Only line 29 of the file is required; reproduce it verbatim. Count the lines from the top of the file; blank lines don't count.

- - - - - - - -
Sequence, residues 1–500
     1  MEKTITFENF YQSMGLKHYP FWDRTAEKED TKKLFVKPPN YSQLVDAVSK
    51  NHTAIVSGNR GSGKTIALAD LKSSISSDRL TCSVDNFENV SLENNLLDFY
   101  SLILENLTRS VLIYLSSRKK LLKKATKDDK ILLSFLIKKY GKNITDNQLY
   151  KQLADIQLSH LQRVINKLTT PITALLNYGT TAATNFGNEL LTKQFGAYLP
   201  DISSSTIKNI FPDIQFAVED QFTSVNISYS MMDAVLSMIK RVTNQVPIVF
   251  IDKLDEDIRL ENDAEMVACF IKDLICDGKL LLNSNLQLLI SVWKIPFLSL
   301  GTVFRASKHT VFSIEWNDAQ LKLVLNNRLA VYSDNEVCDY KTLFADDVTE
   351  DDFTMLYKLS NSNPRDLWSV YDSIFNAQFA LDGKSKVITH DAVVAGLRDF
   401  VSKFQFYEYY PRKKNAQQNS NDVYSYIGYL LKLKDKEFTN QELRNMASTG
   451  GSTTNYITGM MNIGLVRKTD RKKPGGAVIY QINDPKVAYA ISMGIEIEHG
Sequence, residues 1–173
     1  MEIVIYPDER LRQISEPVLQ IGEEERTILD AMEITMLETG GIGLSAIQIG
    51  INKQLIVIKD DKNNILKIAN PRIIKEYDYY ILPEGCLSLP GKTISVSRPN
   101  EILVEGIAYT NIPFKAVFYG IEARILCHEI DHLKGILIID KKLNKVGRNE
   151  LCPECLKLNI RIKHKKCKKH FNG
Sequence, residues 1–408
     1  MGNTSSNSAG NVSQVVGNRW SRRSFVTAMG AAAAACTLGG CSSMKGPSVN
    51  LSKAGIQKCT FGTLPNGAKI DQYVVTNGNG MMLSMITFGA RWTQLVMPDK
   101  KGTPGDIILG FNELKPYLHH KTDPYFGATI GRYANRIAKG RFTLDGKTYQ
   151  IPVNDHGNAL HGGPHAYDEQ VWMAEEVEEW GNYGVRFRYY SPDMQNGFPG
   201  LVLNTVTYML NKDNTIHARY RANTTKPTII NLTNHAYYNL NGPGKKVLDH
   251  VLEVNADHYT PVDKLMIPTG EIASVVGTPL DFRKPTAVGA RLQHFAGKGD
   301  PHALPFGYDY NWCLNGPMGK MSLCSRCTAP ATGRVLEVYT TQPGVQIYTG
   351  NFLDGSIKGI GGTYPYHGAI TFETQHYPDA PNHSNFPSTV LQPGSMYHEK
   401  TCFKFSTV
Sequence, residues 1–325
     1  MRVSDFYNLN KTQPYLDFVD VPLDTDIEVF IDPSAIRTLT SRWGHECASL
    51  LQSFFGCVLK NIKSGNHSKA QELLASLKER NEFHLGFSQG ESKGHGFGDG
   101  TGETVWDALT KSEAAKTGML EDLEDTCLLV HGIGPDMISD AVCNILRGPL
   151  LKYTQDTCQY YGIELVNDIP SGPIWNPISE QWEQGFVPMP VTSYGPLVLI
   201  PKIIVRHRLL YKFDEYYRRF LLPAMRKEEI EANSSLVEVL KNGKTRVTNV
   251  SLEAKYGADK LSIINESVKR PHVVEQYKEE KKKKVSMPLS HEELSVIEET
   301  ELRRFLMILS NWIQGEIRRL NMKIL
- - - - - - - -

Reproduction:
    51  LQSFFGCVLK NIKSGNHSKA QELLASLKER NEFHLGFSQG ESKGHGFGDG